Reactions have been interesting. It certainly provokes conversations! There have been a few people who have said that it wasn’t for them but so many women actually get it and love it. As part of branding is making sure that it’s followed through I’ve made sure I’ve been doing that with little touches like naming our coaches Bitch coachesand have online Bitchin’ sessions.”
Tracy is the founder of IT software trainers Maximity.co.uk which has been running for 18 years. Their unofficial strap line is that they “take the SH out of IT.”
“We don’t put it on the website,” says Tracy, “but it comes out in out networking and our workshops. It’s how people know us. We like it because it echoes out training: there is a lot of laughter and we make an effort to get people to relax. Software training with us is not dry. People are sometimes afraid of technology, especially the higher up the ladder you go, and we find an informal and fun approach from the very beginning puts them at ease and helps them learn better.
I was a bit nervous about using it originally, but my marketing people said go for it. We don’t put it on everything so this allows us to gauge our audience and use it when we see fit. However, it’s made a big difference to our business, helping sum up our unique proposition. We think outside the box. It’s a little rude, yes, but it’s not offensive and that’s important.
We deliberately chose trainers that live up to our message. They’re charismatic, with a knowledge of business as well as the software. Above all, they suit the brand.”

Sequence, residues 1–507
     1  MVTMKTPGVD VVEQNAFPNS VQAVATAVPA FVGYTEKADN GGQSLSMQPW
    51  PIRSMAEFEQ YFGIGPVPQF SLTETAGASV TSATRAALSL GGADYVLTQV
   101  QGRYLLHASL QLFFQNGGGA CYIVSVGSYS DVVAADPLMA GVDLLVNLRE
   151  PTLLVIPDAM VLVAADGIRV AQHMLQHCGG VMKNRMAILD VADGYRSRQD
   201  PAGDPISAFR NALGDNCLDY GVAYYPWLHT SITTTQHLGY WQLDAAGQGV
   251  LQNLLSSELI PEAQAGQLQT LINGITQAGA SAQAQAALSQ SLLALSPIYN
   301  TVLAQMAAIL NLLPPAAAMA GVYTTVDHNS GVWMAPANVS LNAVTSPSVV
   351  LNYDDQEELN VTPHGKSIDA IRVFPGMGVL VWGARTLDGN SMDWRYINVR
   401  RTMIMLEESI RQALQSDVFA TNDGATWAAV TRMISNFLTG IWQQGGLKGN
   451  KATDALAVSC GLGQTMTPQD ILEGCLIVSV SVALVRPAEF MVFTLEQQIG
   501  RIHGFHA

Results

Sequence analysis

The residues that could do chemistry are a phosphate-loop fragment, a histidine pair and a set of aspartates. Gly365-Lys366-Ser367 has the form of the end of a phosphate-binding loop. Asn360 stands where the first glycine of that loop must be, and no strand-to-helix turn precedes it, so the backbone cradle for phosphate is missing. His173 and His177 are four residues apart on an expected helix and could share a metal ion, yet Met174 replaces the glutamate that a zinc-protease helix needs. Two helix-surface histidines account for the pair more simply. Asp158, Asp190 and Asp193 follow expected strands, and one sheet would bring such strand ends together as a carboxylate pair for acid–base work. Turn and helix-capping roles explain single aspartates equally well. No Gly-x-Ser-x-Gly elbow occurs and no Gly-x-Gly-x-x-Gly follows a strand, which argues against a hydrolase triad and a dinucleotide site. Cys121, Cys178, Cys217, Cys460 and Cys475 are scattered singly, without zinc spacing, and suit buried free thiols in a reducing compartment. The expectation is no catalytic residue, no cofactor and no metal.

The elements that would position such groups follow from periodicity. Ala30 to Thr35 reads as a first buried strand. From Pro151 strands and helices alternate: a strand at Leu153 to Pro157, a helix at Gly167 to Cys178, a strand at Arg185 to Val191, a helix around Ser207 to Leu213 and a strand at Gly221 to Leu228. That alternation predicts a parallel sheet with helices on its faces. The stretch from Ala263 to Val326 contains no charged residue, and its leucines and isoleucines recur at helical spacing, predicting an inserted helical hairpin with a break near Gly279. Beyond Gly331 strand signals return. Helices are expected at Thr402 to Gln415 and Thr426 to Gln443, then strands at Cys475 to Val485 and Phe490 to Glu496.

It’s not only businesses that can benefit from a little edginess, Rachel Daniel, a masters’ student, entitled her dissertation “A gift of shit: A study on professional burnout from a Lacanian perspective”, looking at burn out in three professions: plumbers, midwives and therapists.
“I chose to be a bit edgy because I thought it would help me stand out and help me to achieve a better grade. Having said that, I was lucky enough to come across the quote…gift of shit etc. by the person I was basing the dissertation on – and this was literally a gift to me!
My mother was mortified and shocked by the title, my peers thought it was funny, and my tutor thought it was brilliant. I love talking about it to people as I feel it shows my playful side in work and life. I ensured my work lived up to the title by weaving this into the work as a main theme and using the three respondent groups in my research as holding the theme is some shape or form. So the plumbers deal with shit as an integral part of their work, midwives can often do so too, and counsellors deal with metaphorical shit also.”
Thanks ladies for sharing your inspirational and edgy stories! Anyone else up for adding a little spice into their brands in 2019?